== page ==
|Photo by eugeneshoots|
Edible Skinny was lucky enough to experience the Longines Masters last weekend as a guest at the table of Champagne Baron de Rothschild; and if you’re going to be the guest of anyone’s table at the sold out Los Angeles leg of a three part indoor show jumping Grand Slam featuring horses that cost upwards to 50 million dollars, one of the newest and most delightful champagnes in the luxury market is the way to go! ;-)
|Photo by eugeneshoots|
The Longines Masters was a display in lavishness. The horses were divine (my Black Stallion novel loving inner child was giddy beyond belief!), the food was exceptional (Yves Mattagne, 2 star Michelen Chef, was flown in for the event… he made great veggie dishes and has a penchant for pouring sauces tableside), but the Baron’s best bubbles were what made the event!
Our host of our tour into the world of affluent effervesce was Monsieur Frédéric Mairesse, Managing Director of the Champagne Barons de Rothschild. A former winemaker, Frédéric had previously worked for such champagne powerhouses as Champagnes Mumm et Perrier Joüet, Danone Champagne Pommery & Lanson, and LVMH. In 2003 the Rothschild family decided to take on the challenge of crafting the perfect champagne label (the family had entered the winemaking business 120 years ago and have mastered such favorites as Opus One in Napa). Their first release was in 2009 and five years later you can find the family’s 300,000 plus Champagne bottles per year in more than 82 countries around the world.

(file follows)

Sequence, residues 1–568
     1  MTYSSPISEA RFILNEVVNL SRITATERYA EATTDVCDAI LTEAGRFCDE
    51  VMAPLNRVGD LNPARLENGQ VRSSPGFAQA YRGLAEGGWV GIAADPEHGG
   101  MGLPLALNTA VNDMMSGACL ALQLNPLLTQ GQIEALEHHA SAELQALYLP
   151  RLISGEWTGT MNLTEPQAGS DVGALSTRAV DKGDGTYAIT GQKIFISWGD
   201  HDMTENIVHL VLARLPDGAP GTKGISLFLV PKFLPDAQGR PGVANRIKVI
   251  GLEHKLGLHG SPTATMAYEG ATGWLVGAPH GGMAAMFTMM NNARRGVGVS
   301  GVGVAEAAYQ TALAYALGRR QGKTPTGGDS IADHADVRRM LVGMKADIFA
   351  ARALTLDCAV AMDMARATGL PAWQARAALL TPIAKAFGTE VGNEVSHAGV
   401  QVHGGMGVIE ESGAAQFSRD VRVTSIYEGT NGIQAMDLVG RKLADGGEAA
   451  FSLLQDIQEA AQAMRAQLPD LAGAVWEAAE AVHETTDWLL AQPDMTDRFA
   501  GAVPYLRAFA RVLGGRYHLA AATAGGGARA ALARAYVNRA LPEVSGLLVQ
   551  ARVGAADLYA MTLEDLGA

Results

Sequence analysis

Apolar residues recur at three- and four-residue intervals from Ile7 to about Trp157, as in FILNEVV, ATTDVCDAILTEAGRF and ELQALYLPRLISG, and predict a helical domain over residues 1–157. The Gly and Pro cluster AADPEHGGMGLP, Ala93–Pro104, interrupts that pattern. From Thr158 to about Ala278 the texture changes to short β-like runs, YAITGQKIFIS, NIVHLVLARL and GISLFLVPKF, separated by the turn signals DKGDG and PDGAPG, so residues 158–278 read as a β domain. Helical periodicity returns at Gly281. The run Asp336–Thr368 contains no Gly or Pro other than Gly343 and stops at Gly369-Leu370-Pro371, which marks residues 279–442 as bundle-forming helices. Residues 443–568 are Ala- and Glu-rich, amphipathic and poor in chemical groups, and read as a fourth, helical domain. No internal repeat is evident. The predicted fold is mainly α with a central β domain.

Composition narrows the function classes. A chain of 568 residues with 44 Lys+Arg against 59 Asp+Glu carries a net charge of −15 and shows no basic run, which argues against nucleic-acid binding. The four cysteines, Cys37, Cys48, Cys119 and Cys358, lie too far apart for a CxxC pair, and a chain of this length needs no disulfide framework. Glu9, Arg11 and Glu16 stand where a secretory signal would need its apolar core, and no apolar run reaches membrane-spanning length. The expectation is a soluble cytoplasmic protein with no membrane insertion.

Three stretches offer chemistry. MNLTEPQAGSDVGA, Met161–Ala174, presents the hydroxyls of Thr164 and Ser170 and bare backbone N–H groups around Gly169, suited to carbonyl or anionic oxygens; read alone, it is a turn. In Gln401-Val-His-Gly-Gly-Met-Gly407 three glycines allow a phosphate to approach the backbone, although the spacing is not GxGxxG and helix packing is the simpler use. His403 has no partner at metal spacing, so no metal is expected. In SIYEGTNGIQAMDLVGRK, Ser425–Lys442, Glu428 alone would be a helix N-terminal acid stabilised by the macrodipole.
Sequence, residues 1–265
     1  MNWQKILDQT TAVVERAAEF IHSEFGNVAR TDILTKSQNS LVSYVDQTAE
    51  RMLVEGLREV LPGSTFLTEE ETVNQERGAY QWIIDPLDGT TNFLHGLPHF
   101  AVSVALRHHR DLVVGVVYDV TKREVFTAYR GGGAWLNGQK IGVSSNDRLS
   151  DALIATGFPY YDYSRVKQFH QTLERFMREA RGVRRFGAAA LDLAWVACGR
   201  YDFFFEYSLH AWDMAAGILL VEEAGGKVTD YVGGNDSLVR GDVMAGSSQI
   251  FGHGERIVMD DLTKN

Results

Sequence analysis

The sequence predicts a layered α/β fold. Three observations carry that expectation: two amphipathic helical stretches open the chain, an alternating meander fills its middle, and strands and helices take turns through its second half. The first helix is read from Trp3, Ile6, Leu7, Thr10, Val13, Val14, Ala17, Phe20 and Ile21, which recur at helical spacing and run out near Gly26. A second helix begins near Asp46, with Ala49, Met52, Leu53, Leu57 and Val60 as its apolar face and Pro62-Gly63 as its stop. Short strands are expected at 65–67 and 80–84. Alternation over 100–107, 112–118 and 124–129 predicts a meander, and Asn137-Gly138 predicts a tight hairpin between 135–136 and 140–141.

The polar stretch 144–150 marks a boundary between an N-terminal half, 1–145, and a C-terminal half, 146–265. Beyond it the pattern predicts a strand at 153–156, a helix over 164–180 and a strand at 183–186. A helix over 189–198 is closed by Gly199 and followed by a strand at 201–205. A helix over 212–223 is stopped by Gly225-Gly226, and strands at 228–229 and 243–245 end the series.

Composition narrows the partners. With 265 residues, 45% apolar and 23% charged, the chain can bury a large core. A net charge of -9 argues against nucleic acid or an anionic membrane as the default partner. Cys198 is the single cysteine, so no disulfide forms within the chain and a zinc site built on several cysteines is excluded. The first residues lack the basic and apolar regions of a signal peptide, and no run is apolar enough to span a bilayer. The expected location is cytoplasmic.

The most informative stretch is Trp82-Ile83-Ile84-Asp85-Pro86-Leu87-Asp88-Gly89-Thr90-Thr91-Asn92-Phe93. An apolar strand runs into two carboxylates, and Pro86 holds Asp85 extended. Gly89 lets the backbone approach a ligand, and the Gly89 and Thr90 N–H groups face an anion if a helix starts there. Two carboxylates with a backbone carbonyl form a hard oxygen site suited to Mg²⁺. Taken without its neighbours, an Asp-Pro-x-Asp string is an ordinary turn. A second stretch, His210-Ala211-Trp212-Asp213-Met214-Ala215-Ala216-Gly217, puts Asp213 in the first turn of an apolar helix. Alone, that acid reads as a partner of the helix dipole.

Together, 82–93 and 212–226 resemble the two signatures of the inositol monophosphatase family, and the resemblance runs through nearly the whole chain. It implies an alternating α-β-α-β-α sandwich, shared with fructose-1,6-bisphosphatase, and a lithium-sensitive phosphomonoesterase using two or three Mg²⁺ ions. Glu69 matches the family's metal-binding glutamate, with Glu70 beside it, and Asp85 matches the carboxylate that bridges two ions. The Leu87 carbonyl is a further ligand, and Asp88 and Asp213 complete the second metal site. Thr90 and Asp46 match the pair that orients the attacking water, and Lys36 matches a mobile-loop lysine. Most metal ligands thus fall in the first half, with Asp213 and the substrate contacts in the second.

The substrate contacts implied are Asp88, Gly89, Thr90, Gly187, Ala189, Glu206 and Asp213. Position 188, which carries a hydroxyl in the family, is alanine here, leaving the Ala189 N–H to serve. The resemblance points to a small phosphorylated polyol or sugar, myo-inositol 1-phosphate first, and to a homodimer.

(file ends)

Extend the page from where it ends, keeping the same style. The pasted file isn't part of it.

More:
Frédéric spends most of his time as a Negociant (French for purchaser of grapes) vying for the best Cru grapes (French for the best grapes possible) in an area where there is a finite number of Cru grapes because there’s a finite amount of land (most of these farmers live in tiny houses with a few rows of grapes in the backyard… and a Lamborghini in the driveway). But Frédéric is a wunderkind of a negotiator as their Brut Multi-Vintage contains 60% Chardonnay grapes that are primarily Grand Crus from the Côte des Blancs. Champagne Barons de Rothschild focuses on multi-vintage for their Champagne line (due to the exclusivity of the grapes nearly 75% of Champagne produced is non-vintage and made up by a blend of several years' harvests).
The Rothschild’s approach is their champagne label is a family affair; they look at their fizz as an investment in their children’s future. The bottle’s symbol of five intersecting arrows represent the 5 sons of Mayer Amschel Rothschild, the original patriarch of the Rothschild dynasty, who in the 1700s sent his five sons out to the countries of Europe but advised them to always unite and work together as family. A philosophy that allowed the Rothschilds to become the wealthiest family in human history. And now they’re taking the philosophy into the world of Champagne.
The results are a Brut Multi-Vintage ($99.99) a rich bubbly nectar that that sips with the lightness of the spark of a new idea. Wine Spector called it, “well-knit, integrating a firm backbone of acidity and a fine, lightly creamy texture with flavors of patisserie apple, pastry, blanched almond and meringue. A smoky hint of minerality gains momentum on the finish.”
While at the Longines Masters, I was also lucky enough to get to sample the Rothschild’s Rose Multi-Vintage (of which only 5,000 bottles are made a year). As every blissful sip of silky splendor swirled on my palate complimenting the spectacular event before me, all could I think was this is what precision of craft is all about.
Here’s to life being delicious, sipping the finest of Champagnes, and having grapes in the backyard and a Lamborghini in the driveway! ;-)